Tips for the Holidays and Travel

This time of year is packed with different holidays and much travel. Its either a time that’s super fun to be with families and friends during gatherings and parties.  Or it could be a time of stress and anxiety.

Let’s face it, its time when you double your grocery shopping and some of you may be organizing a dinner in your home. The routine in the home is going to change or if you’re traveling to be with family/ friends its going to be different. If you’re child has sensory processing difficulties.

*Anxiety can lead to or appear as disruptive behavior

These are children with social anxiety resulting from their sympathetic system firing off and causing a fight or flight.

Anxiety can also be caused due to a child’s limited communication or expressive abilities, the child’s limited skills in handling/ coping skills and organize that information.

*Communication issues- child who have limited language or vocabulary are unable to express their needs. If they don’t get understood this can lead to emotional dysregulation resulting in a behavior. To do anything.


* Have realistic expectations for these children. You know what may be the triggers for child.

So they feel comfortable and they will come up to you.

* validating their feelings. Giving them assurance that you’re not going to ask them to do things that may be uncomfortable but that there would be sensory items that they could use to help through such as using headphone, certain scents such as lavender can have a calming effect.

* Think and walk through the situation with children. Reading them a social story of what to expect in  the days to come will help. This includes going shopping  and attending functions.


Let them know you will be going shopping and there may be more people around.

Let them know where to find their sensory items should they need it,

Or if its better for you, you can make arrangements for you child to be cared for at that time. This is your discretion on how much stimulation your child can take at this time.

Attending functions both at and outside

* If the function is at home or in another place.

  • Make sure you bring foods that your child will eat,
  • Get there a little earlier so you child has time to warm up to the people
  • Make sure they know where to get their sensory bag pack is for them to retrieve their sensory items should they need them.
  • Read them a social story where the event will be taking place, what would be the expectations such as relatives / friends will be coming.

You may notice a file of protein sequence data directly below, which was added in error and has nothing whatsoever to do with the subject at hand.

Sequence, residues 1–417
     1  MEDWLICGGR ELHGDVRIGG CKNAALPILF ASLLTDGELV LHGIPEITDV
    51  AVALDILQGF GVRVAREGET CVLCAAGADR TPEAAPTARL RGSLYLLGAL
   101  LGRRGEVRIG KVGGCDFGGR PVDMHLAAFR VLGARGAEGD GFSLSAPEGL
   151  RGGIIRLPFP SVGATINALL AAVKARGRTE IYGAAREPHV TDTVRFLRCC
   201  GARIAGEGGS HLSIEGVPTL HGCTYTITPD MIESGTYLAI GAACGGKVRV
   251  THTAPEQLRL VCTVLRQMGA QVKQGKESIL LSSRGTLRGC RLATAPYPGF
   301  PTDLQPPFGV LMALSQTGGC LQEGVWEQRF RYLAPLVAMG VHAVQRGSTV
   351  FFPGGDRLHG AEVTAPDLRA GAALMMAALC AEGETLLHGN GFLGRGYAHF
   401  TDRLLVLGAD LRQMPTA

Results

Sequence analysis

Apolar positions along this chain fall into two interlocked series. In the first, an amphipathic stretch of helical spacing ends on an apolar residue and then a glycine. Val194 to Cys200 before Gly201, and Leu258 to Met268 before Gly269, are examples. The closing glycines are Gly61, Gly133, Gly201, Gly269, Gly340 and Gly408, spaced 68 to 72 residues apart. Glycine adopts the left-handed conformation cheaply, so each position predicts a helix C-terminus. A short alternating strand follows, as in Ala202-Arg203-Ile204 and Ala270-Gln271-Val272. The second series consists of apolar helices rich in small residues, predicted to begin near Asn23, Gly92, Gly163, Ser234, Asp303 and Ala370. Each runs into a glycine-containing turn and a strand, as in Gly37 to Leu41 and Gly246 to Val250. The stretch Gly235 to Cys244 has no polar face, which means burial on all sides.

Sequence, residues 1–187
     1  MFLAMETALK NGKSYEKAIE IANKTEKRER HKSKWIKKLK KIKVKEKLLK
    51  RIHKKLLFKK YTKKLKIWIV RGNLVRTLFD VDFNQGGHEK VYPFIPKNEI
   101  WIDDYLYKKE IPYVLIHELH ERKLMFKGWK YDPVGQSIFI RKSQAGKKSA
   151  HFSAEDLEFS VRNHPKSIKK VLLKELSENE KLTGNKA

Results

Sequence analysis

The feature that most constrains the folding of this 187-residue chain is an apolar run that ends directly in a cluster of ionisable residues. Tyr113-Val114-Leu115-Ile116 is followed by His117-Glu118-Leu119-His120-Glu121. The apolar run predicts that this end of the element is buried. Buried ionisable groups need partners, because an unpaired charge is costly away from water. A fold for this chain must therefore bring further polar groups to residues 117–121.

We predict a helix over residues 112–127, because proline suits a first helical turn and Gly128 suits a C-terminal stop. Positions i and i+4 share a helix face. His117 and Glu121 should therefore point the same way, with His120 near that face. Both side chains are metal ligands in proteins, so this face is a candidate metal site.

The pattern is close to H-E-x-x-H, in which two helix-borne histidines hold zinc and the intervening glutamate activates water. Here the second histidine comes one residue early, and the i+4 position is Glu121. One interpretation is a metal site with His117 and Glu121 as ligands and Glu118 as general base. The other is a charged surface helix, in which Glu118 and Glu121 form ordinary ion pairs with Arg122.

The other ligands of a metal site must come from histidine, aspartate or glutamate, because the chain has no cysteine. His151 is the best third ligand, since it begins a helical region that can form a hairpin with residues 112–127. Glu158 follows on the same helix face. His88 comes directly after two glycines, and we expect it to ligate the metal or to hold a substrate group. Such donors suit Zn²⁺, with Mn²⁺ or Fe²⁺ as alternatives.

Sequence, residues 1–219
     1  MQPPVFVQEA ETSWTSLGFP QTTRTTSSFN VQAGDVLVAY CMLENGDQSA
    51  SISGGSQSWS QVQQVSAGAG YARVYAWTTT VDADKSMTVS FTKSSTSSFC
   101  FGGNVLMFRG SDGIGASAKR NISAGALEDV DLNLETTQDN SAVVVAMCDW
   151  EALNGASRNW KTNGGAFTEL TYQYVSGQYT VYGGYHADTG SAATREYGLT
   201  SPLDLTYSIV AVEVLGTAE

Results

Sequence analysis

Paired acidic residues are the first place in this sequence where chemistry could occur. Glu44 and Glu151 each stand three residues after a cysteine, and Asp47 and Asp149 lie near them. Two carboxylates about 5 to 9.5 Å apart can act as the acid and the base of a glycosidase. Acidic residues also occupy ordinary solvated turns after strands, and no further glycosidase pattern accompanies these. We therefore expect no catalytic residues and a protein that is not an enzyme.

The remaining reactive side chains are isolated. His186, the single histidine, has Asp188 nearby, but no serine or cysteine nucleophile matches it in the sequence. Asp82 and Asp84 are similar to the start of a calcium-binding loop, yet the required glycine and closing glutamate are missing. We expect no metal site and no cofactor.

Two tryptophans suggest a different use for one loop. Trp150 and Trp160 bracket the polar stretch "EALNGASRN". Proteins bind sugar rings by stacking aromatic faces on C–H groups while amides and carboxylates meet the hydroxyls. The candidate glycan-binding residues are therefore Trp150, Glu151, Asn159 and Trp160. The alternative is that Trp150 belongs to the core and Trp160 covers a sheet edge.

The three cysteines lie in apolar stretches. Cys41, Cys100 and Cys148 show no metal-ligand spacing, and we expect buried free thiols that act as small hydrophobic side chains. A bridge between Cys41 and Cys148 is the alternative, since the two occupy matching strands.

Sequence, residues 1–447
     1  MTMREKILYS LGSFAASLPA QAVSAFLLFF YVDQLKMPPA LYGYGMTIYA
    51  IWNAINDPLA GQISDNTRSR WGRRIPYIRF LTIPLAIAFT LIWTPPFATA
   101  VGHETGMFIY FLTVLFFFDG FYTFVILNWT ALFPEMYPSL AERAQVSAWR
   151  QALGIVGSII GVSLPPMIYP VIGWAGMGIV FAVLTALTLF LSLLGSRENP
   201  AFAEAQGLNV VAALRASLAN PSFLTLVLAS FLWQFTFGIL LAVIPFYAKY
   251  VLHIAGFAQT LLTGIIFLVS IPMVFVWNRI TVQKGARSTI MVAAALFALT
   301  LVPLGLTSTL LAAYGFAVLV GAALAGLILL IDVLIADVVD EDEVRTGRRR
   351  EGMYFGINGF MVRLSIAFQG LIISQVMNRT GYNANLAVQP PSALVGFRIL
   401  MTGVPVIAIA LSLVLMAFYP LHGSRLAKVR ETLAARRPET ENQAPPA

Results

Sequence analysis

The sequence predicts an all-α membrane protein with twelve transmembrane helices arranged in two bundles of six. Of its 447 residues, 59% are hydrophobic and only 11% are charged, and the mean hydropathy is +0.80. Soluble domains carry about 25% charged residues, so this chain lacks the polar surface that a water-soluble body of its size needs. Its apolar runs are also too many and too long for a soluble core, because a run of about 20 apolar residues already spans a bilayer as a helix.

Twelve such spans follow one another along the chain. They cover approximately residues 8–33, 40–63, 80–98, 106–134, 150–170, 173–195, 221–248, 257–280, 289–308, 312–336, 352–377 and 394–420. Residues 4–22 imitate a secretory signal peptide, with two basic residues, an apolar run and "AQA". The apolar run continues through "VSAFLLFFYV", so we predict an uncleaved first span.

• Everyone would be sitting at the table and food will passed around, there will be people talking and laughing and having fun, there may be music in the background.
  • Child will have a chance to play with their friends/ relatives or if your child is more solitary and needs alone time- this is where they can get their head phones, coloring books or games to play.
  • Prepare their sensory bag pack where they will know where to get items that would help them such as noise cancelling headphones, fidgets, taking deep breathes and a corner with cushions for then to reorganize away from the hustle and bustle ( if this is in your home).
  • If they should start feeling upset or overwhelmed to let you know. State what you’d like for them to do.

This is an example of a social story for Thanksgiving from PositivelyAutism.com.

Thanksgiving Social Skill Story

Social skills templates:

How to Use Personalized Stories

Travel plans:

Depending on the sensory needs of the child, here are some things you may consider

If you are going by flight:

  • remember its going to be crowded, noisy, may be a change in sleep pattern for the child and yourself.
  • you will be sitting in close proximity with others on the flight.
  • Taking off in the flight may cause some discomfort for the child.


  • Noise cancelling head phones or ear plus
  • Sun glasses
  • Fidgets
  • Chewies that can be clipped on to their shirt
  • Sensory snack kit- crunchy items, lollipops
  • Practice on what may be involved in the trip: What they may encounter.
  • Talking them through what to expect and where the items may be found.
  • Favorite blanket
  • Toiletries that are familiar to them so that they don not have to adjust to new scents or texture
  • More frequent stops to give them time to regulate

Veterans Day

Veterans day is a day we honor the men and women who have worn the uniform to proudly serve the country. I will take this time to also give a big shout out to my husband Kolby Shields who served as a Navy bomb technician. Kolby has impressed upon me at a more personal and intimate level the sacrifice, commitment and honor among military personnel.

The military family as a whole needs to be acknowledged – the military spouse and children who stand along side with their military spouse/parent and having to also deal with the many stressors that accompany combat deployment, injury and mental health. Stephanie Yamkovenko, a staff writer from AOTA, interviewed Gregory Leskin the director of UCLA National Child Traumatic Stress Network’s Military Family Initiative, a speaker in the 2012 AOTA Advanced Practice in Traumatic Injuries and PTSD Specialty Conference. Read the Interview